Atomic wires; selfassembled 1D metal and 1D topological insulator Physics of 1D metals has attracted much attention as exactly solvable model systems of low dimensional electronic systems. The researches in this field keep providing key concepts to understand and describe exotic low dimensional properties of electrons, which have been on the frontiers of condensed matter physics researches during last 60 years. Selfassembled metallic atomic wires on semiconductor surfaces are a relatively new form of welldefined quasi 1D metals. These new 1D metallic systems of atomic wires provide an exciting opportunity in studying the physics of 1D metals due to the possibility of the atomic scale access (by scanning tunneling microscopy) and control. We initiated this field of researches by discovering a series of symmetrybreaking phase transitions and novel ground states for indium and gold wires selfassembled on silicon (111) surfaces during 19992005. We are still actively working on these 1D metallic systems as one of the leading group of the field with the issues such as; (1) mechanism of symmetry breaking phase transition and doping control over the transition (2) topological soliton of the symmetrybroken states as the model of edge states of 1D topological insulators (TH Kim and HW Yeom, PRL 2012) (3) Luttinger liquid behavior (4) effects of disorder on 1D electronic systems (5) finite size (length, here) systems (6) large spinorbit interaction in 1D (JW Park and HW Yeom, PRL 2013) (7) Kondo effect in 1D Atomic layers; epitaxiallygrown single atomic layer 2D metals During last 15 years, we have also been interested in well defined 2D metals formed by single layers of metallic atoms grown epitaxially on semiconductor surfaces. These systems are the ultimate case of 2D metals with limiting thickness. Interesting phenomena have been observed on these systems such as the single atomiclayer superconductivity and the possibly exotic ground states for triangular lattices, for which the underlying mechanisms are not clear yet. The topics within our scope are; (1) superconductivity at single atomic layer limit (2) disordered and liquid states of 2D metals (KS Kim and HW Yeom, PRL 2010) (3) strong spinorbit interaction in 2D (K Sakamoto, TH Kim and HW Yeom, Nature Comm. 2013) (4) electron correlation and spin frustration on 2D metals in triangular lattices (5) metal heteroepitaxy on and under graphene (KS Kim and HW Yeom, to be published)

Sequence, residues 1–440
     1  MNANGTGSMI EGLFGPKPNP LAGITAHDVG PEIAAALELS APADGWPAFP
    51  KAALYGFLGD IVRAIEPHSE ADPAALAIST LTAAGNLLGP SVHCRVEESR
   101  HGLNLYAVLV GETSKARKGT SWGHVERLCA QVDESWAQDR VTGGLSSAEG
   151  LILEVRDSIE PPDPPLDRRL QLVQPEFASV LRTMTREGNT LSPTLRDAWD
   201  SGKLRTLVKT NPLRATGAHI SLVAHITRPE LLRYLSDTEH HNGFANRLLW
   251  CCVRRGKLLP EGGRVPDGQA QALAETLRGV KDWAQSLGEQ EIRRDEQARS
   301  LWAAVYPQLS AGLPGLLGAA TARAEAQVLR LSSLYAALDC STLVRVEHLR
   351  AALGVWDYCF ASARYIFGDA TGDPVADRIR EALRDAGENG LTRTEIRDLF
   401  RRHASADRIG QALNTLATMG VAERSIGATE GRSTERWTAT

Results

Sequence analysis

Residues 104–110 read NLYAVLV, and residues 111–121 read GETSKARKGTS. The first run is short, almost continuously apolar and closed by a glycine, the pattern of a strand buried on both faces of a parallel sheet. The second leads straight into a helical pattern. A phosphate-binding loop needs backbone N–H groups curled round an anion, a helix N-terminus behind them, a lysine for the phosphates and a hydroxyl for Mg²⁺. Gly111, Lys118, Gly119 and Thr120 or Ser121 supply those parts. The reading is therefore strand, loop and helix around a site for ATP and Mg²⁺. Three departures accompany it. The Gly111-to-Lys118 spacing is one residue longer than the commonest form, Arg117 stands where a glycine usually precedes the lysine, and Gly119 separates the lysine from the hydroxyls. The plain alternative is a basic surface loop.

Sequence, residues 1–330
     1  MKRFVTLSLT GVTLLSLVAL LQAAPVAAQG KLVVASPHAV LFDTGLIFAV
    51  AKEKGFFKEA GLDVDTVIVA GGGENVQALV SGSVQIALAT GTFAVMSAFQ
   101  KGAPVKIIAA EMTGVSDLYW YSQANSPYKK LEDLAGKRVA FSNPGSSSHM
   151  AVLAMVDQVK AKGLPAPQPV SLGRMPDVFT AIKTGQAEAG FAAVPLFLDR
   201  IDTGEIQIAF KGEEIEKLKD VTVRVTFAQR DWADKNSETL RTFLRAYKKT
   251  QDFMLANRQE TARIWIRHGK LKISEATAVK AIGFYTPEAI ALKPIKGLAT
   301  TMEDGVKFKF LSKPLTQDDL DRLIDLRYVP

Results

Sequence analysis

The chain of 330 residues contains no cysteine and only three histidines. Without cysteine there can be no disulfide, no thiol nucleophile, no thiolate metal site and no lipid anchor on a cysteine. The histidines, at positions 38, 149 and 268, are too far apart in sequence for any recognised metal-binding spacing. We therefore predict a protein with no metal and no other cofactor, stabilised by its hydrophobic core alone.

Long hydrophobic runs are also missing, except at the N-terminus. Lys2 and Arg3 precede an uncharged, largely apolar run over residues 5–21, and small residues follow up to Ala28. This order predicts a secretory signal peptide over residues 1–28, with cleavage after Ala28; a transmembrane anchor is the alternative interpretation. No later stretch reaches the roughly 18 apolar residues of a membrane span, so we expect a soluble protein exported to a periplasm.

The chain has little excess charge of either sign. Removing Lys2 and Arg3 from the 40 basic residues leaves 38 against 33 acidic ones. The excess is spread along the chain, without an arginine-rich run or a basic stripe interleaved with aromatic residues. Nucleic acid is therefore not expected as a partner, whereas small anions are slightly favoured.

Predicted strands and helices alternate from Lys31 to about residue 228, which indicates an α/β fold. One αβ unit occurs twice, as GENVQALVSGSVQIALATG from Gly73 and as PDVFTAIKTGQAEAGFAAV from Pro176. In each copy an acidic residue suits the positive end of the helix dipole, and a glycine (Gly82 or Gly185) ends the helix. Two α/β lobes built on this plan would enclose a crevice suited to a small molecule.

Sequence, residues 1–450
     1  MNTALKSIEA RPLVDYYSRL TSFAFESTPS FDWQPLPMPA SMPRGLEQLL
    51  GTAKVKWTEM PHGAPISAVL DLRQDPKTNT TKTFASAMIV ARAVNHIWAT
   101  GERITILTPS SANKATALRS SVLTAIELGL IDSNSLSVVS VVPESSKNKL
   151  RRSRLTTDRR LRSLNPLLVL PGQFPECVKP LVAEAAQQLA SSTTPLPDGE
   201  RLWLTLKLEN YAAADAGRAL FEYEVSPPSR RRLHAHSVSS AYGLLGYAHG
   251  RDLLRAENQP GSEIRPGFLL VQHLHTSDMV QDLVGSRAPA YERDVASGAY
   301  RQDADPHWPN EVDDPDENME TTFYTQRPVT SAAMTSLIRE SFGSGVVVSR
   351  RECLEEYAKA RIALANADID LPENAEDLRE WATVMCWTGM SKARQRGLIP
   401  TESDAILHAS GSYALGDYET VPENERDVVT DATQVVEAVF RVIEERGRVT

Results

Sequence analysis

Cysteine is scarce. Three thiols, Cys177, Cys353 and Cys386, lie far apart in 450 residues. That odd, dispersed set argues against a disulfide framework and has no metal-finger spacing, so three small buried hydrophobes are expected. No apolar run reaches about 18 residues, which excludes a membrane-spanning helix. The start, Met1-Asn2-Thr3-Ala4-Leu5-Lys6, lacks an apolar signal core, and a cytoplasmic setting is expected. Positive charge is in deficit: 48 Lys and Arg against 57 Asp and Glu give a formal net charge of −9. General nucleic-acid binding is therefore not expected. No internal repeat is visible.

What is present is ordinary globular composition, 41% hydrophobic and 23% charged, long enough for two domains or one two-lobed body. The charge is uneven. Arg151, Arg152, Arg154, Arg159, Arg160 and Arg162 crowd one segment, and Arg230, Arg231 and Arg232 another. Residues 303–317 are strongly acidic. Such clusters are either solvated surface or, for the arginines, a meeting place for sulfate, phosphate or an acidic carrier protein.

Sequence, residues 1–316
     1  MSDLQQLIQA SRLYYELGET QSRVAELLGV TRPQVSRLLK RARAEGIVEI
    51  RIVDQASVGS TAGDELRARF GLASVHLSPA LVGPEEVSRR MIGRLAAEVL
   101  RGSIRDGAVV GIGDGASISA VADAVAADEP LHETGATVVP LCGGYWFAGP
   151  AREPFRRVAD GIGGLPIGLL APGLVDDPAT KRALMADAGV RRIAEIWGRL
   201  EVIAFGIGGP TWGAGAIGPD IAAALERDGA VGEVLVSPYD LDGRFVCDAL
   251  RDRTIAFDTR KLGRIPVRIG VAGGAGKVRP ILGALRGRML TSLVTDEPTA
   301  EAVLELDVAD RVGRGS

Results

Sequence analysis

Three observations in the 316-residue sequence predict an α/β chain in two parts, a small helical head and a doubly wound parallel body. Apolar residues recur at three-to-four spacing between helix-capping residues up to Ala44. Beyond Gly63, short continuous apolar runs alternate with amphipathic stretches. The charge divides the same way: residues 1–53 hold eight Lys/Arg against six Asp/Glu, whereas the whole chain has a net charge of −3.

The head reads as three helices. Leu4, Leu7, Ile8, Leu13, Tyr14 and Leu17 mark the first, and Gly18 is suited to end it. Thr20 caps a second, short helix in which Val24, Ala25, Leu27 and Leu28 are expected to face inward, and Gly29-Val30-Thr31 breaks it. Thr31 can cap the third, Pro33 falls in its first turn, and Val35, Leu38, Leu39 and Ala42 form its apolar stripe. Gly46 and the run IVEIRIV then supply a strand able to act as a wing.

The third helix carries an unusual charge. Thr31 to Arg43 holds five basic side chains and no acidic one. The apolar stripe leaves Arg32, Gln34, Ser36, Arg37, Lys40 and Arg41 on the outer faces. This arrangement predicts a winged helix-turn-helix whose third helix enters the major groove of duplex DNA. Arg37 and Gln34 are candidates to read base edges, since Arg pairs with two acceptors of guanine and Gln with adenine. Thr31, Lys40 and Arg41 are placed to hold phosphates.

Atomic layer 2D topological insulators When the spinorbit interaction becomes strong and the inversion symmetry of the system broken, there is a chance that an electronic system becomes topologically different. In that case, the system becomes an insulator with helical Dirac electrons at its edges. The helical Dirac electrons have exciting physics as well as fascinating applications in spintronics and quantum information and this field of researches is the fastest growing in condensed matter physics. We are interested in a single layer of heavy metals, such as bismuth, with strong spinorbit interaction to realize a new type of 2D topological insulators, ‘atomic layer topological insulators.’ We are currently working on a bismuth single bilayer film to clarify its edge electronic state and to clarify its topological nature. This study will be extended to include issues such as;
(1) edge states (‘quantum spin Hall state’) of 2D topological insulators (2) interaction of 2D topological insulators with 3D topological insulators and systems with strong spinorbit (Rashba) effect (3) edge state engineering of 2D and 3D topological insulators with edge (surface) termination (4) Majorana Fermions on the edge of 2D topological insulators in proximity with superconductor (5) Majorana Fermions in single atomic layer superconductors on top of strong spinorbit (Rashba) effect such as BiTeI. (6) magnetic impurity on the edge of 2D topological insulators Atomic layer heteroepitaxy on strongly interacting systems
We are currently growing single layers of heavy metals such as Pb, Tl, and Bi with strong spinorbit interaction on top of 2D layered materials of IrTe_{2}, TaS_{2}, TiSe_{2} and others. We hope to create new atomically controlled interfacial systems where new physics emerges due to the competition of different interactions, for example, spinorbit, electronelectron, and electronphonon interactions. We are also looking for proper organic materials with exotic interactions, which can serve as the substrate for such atomic layer heteroepitaxy.